Like the N3 it can work USB-DAC as well as OTG via micro-USB and can accommodate 256GB memory cards. Battery performance on both the N3 and AP60 is similar at 10-12 hours though the AP60 has a much smaller 1000mAh battery in its tiny body
Power & Noise
Is specs are to believed then the AP60’s Achilles’s heel is its output power. On paper, Hidizs have rated the AP60 at a rather [email protected] ohm which means it’s got about 1/4 of the output power at 32 ohms loaded compared to the N3.
Dynamic range is 3-4dB lower than the N3 though SNR is similar at 109dB but Hidizs does not state if this is a loaded or unloaded rating. Cayin’s ratings are all measured as loaded on 32 ohms. The AP60 seems to be more suited as an IEM DAP with those numbers and yet it exhibits more noise than the N3 on efficient IEMs making the N3 the better choice for IEMs.
Tonally no contest. Of course, the AP60 is almost half the price so I am not surprised. The AP60 is nowhere near as competent as the N3. The N3 contextually is more balanced, resolving and open sounding in comparison. The AP60 has as more pronounced and warmed low-end compared to the linear sounding N3 however it lacks a bit of definition and puts the rest of the spectrum somewhat behind in terms of presence.
Mids lack detail in comparison, sounding smoothed over compared to the better layering and instrumental separation of the N3. Vocals are clearer, better defined with more detail on the N3. Treble is also pretty far back and that is probably more to do with the boosted warm mid-bass performance than any inherent laid back treble signature.
If you can dial back the bass boost and EQ the treble a little you have a fairly pleasant and forgiving signature that for $80 is more about the sum of the parts and what it can do than tonal strengths. It sort of reminds me of the FiiO M3 a little only with more features. The N3, on the other hand, is the real deal in terms of audio performance at the budget level.
The A35 is Sony’s new entry level DAP released towards the end of last year and draws from some of the design and technology on their flagship NW-WM1A. It is both touch and physical control (right panel buttons) using a stylized proprietary OS from Sony with 16Gb onboard memory and capacity for up to 256GB via a microSD memory card slot.
It is also BT capable but the BT is their own proprietary LDAC technology that on paper will deliver about 3 times the quality compared to aptX. The only problem with that is compatibility with aptX more widespread right now than LDAC compatible devices and I do not have one to hand to test it out.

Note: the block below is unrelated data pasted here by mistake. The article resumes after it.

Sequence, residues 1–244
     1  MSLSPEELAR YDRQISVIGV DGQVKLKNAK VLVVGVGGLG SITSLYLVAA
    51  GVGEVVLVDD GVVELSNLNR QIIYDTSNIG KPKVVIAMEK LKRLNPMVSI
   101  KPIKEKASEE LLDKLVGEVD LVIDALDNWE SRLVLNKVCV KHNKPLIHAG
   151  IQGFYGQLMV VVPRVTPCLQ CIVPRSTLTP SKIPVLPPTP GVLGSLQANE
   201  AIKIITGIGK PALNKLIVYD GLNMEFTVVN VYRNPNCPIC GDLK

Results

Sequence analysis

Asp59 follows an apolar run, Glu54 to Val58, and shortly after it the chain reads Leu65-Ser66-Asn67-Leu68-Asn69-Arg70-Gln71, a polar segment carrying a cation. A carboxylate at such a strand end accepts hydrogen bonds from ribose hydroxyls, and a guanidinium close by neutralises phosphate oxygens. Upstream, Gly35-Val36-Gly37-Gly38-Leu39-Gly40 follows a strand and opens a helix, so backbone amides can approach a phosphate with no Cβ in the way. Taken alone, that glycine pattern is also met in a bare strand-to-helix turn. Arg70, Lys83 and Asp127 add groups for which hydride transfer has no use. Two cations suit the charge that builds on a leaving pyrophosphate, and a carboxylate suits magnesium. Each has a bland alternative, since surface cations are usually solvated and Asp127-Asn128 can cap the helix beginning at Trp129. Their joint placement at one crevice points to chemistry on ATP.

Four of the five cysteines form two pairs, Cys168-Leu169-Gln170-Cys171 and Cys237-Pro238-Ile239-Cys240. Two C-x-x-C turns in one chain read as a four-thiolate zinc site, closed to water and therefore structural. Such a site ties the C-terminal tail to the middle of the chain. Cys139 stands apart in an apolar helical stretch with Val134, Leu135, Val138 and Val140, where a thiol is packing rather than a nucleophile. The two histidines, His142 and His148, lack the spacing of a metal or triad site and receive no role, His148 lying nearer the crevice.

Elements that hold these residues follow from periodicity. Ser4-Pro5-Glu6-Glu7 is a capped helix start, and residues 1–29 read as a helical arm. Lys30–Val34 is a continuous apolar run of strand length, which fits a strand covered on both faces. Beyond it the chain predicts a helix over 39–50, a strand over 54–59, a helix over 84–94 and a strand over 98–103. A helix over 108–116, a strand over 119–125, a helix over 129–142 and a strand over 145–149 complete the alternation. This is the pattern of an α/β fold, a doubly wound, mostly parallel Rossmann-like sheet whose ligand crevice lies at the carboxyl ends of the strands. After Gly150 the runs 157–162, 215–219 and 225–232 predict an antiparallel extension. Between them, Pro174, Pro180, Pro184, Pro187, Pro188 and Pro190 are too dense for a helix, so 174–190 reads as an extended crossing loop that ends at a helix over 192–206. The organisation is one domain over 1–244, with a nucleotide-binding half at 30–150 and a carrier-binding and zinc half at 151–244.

The N35 also has a whopping 22-45 hour battery life depending on the resolution of your files and usage of the unit. Sony believes 22 hours is possible with DSD and up to 45 hours with MP3 128k. I suspect somewhere in the middle around 30 hours (FLAC measurements) is the ideal benchmark but still, that is 3 times more than the duration of the N3. Sony has a history of churning out DAPs with excellent battery life and the A35 is no different.
Other unique features on the Sony not on the N3 include an FM Radio which I adore being rather old school and NFC. Both have digital filters but the N3 has a few more up its sleeve compared to the Sony which has only 2; slow and sharp.
Of course, being Sony there are some irritations. The continued use of the proprietary connector cable makes using the A35 as a system component more awkward than the N3 which uses a universal USB-C connection. To acquire a replacement you have to pay a lot more. To get digital audio out from the Sony you have to buy a specific cable and that costs a lot more also. As far as I am aware USB-DAC from the PC is not possible with the Sony, unlike the N3.
The amp on the N35 is actually very weak at just 35mW into 16 ohms. Whilst Cayin have not released a loaded rating for 16 ohms in their spec sheet it is safe to say the N3 definitely has a more powerful output with its 130mW into a 32 ohms rating. On paper that suggests the A35 will struggle for anything really beyond IEMs and portable efficient headphones 32 ohms and lower.
On efficient IEMs the A35 also has a blacker background and lower noise level during playback but this difference is only really detectable on efficient IEM. Sony’s digital amp is an excellent performer for noise once it kicks in and is something the N3’s analog amp would struggle to best. You will hear more noise from the Sony though when the digital amp is not in use (no music) and the N3 is quieter in that respect. There could well be a mute relay implementation that kicks in on the N3 when playback stops to get that level of silence.
Without Sony’s Clear Audio+ technology the A35 is the slightly more neutral and linear of the two in terms of tonal presentation. Both have a relatively warm sheen but the N3 exhibits slightly more warmth and body as well as a more natural sounding timbre than the A35. In contrast, the A35 has the cleaner of the two presentations but with a thinner note which gives an impression of better clarity and separation as well as more treble articulation and sparkle.